Android One heads to Indonesia with Android 5.1 out of the box

The latest version of Android, 5.0 Lollipop, may only be on 1.6 percent of devices, but Android 5.1 is already starting to show up on new phones.

On Tuesday, Google announced that its low-cost smartphone program, Android One, is expanding past the Indian subcontinent into Indonesia. Some of the Indonesian Android One Phones, including the Nexian Journey and Evercoss One X, are running Android 5.1 out of the box, according to AndroidPolice and Google. That means that the latest Android update is available on certain Android One devices even before Nexus devices.

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Although an Android 5.1 changelog isn’t available yet, the update will likely bring a slew of performance and stability updates, according to AndroidPit, and may bring back the silent mode setting many have been missing in Android 5.0.

According to Google, there are three Android One devices going on sale in Indonesia from four different retailers. The devices are all similar, packing 4.5-inch, 854 x 480 pixel screens and quad-core processors presumably from MediaTek. Google also has a deal with Telkom Indonesia to “zero-rate” Android update data — so when users update their operating system it won’t cost them money.

When Android One was launched, Google promised those devices — despite costing as little as $120 — would get new versions of Android “soon after they were released” for both security and performance reasons. However, certain Android One devices in India haven’t even received the Android 5.0 update yet. For those with Nexus devices in the United States and Europe, though, Android 5.1 can’t be too far off.

New Android Wear smartwatches may use MediaTek chips

Most Android Wear smartwatches currently on the market are based around Qualcomm chips, but that could change soon if MediaTek has its way: The Taiwainese semiconductor company announced a new chip specially for smartwatches on Wednesday.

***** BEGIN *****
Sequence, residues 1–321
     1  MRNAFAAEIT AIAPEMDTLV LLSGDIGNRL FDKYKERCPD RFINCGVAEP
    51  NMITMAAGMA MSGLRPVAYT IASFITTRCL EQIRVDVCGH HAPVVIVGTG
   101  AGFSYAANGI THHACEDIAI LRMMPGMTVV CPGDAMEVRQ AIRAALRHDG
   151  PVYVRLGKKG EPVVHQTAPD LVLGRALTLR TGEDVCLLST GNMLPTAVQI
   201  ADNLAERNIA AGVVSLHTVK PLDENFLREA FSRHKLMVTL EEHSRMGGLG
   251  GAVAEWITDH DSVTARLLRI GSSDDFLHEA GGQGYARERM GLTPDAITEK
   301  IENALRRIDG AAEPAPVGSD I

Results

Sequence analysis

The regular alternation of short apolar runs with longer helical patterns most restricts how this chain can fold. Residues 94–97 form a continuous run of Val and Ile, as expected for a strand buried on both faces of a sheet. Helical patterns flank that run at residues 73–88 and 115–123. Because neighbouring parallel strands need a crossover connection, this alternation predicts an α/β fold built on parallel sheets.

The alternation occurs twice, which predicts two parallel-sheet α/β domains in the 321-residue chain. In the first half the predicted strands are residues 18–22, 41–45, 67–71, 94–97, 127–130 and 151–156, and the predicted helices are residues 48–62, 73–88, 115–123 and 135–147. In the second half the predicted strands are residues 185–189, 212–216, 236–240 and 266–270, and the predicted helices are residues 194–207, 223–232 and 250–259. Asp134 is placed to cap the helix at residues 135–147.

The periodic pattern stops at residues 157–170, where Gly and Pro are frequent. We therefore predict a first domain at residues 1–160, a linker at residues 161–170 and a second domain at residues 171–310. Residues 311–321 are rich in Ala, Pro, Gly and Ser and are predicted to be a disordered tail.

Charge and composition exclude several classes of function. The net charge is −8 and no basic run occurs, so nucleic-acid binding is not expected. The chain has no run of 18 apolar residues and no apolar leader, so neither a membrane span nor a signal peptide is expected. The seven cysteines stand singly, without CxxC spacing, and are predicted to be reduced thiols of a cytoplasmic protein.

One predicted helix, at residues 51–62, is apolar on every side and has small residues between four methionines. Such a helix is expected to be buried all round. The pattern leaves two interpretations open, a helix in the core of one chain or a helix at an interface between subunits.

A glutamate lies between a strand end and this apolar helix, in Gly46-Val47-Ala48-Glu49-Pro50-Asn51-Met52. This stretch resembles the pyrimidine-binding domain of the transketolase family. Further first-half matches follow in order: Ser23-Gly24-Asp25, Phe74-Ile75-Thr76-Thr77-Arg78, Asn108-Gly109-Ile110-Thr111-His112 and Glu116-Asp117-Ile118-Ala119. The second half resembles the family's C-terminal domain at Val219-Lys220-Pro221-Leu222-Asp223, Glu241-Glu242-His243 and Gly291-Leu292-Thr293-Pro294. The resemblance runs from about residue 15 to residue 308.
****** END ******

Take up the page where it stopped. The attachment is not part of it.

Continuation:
The MediaTek MT2601 system-on-a-chip is based around a dual-core processor using ARM’s Cortex-A7 design. It uses an ARM Mali 400 design for its GPU, and MediaTek’s MT6630 modem for Bluetooth. [company]MediaTek[/company] says it works “with a whole host of external sensors” — so hardware makers can add modules for heart-rate monitoring and GPS.

Except for the Motorola Moto 360, which uses a TI chip, all Android Wear smartwatches currently on sale use a Qualcomm Snapdragon 400 SoC, which also powers a good deal of mid-range phones. The Snapdragon 400 wasn’t designed for wearable computers, and sometimes it shows. For instance, the Snapdragon 400 usually uses four Cortex-A7 cores, but it appears that manufacturers disable three of the cores to conserve battery life.

Most Android Wear buyers aren’t looking for raw computing power, so they’d rather have a smartwatch with a better battery life. Hopefully, MediaTek’s new SoC with a small die size will bring improved battery life, and given MediaTek’s history of driving device prices down, possibly less expensive Android Wear smartwatches as well. The MT2601 is in mass production now, so conceivably it could be in commercial smartwatches before too long.


AMD, ARM, others team up to take on Intel everywhere

AMD, ARM, Texas Instruments and two smaller chip firms have teamed up to create a nonprofit that will try to unseat Intel’s x86 dominance in computing. But this group isn’t just after Intel; it’s taking the CPU — the beating heart of computers today — down a peg.

MediaTek is Gunning for Qualcomm

Qualcomm has much to fear from Intel, which is attempting to gain a foothold in the mobile market even as Qualcomm looks upmarket to computers. However, MediaTek, a Taiwanese baseband provider that today signed an agreement to license LTE technology, should have Qualcomm more worried.